• Make your own syrup.
  • Since Bed, Bath and Beyond sells SodaStream supplies, take advantage of all those coupons they send you and buy syrup and CO2 there.
  • Buy one of the cheaper SodaStream models.
There are other reasons to buy a SodaStream, like reducing waste and not having to lug heavy bottles and cans of essentially water to your house, but economically, it’s not likely win.

You can run your own calculations by making a copy of the Google Spreadsheet I used.


How to install a treadmill

Correct Method

  1. Select any treadmill you like.
  2. Cheerfully hand over an additional $200 to have it delivered and installed.
  3. Enjoy a frosty beverage of your choice while a couple of burly men drive up to your house, carry your treadmill down your steps, unpack it and set it up while your children play and laugh nearby.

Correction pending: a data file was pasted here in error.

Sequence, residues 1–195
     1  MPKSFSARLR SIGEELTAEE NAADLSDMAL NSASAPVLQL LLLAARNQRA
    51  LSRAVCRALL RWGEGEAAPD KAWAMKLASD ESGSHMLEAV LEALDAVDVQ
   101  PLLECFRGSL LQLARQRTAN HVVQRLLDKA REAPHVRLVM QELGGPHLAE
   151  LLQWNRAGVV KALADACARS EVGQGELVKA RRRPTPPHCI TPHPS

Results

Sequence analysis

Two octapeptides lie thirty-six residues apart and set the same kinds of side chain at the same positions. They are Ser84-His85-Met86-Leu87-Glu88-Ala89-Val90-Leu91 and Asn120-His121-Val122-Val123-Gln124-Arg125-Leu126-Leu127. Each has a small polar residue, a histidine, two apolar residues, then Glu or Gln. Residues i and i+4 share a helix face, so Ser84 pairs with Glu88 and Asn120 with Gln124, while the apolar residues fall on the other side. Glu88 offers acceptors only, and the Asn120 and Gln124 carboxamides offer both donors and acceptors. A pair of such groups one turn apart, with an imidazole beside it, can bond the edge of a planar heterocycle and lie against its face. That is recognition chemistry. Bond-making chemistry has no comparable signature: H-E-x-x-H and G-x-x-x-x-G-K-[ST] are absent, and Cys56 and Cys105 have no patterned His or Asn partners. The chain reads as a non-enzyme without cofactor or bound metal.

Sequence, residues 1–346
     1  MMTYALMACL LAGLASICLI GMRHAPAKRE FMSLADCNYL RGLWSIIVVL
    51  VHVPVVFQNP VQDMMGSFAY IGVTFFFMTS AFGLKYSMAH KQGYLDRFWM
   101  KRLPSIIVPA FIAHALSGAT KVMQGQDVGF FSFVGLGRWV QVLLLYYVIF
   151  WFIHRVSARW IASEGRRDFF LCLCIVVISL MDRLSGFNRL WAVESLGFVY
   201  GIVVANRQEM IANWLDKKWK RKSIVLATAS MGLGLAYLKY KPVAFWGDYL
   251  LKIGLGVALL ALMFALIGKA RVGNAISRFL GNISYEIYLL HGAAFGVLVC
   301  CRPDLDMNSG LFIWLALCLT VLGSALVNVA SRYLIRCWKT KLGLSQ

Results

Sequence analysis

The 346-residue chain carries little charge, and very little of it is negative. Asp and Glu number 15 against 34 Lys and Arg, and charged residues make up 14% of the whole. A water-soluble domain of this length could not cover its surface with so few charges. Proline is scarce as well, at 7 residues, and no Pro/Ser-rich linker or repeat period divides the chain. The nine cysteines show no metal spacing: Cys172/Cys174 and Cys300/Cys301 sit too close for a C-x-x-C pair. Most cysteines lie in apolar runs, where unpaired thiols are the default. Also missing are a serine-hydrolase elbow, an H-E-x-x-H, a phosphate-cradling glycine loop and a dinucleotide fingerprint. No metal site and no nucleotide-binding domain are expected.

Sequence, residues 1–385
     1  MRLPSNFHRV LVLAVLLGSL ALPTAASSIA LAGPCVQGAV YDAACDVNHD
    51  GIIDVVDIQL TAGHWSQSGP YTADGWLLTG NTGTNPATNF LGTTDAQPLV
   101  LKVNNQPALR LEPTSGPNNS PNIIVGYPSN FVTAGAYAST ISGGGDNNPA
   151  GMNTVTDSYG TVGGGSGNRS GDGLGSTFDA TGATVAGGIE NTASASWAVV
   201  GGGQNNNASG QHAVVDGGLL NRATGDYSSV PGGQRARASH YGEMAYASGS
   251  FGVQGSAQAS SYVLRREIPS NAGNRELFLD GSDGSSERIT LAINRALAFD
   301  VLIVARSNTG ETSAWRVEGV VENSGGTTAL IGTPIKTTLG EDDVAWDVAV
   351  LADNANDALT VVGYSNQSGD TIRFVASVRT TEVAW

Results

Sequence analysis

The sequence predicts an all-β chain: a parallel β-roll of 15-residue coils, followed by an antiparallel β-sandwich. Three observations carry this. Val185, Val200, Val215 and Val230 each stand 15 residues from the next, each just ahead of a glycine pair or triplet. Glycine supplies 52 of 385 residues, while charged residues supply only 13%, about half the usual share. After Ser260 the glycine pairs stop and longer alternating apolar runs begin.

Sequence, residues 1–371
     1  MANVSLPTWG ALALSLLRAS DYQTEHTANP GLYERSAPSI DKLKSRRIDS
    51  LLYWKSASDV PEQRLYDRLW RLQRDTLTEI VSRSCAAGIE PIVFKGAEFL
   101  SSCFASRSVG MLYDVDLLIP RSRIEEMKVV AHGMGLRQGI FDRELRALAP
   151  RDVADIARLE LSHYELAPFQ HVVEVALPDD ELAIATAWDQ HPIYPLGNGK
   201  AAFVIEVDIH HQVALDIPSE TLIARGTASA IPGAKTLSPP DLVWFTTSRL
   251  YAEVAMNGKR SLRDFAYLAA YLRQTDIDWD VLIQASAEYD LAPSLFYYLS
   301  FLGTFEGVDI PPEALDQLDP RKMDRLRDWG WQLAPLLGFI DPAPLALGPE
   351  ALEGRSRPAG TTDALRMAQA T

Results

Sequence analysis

Incorrect Method

  1. Select a treadmill that weighs more than the combined weight of all adult members of your household, say 350lbs.
  2. Elect to pick it up yourself and feel superior to the suckers who pay $200 to have it delivered.
  3. Pick up the treadmill with vehicle clearly not intended to carry a 7.5ft, 350lb box, say a 1999 Honda CR-V.
  4. Ignore the doubtful looks of the treadmill store guy who helps you get it into the car.
  5. Breathe a sign of relief when it actually fits, hanging several feet out the back window.
  6. Drive home. Back up your car over your lawn to your basement bulkhead.
  7. Attempt to open the basement door, only to realize the deadbolt lock has fallen apart and into the stair area which locked on both ends.
  8. Spend a half hour disassembling the door, removing it from its hinges, and prying it off with a crowbar.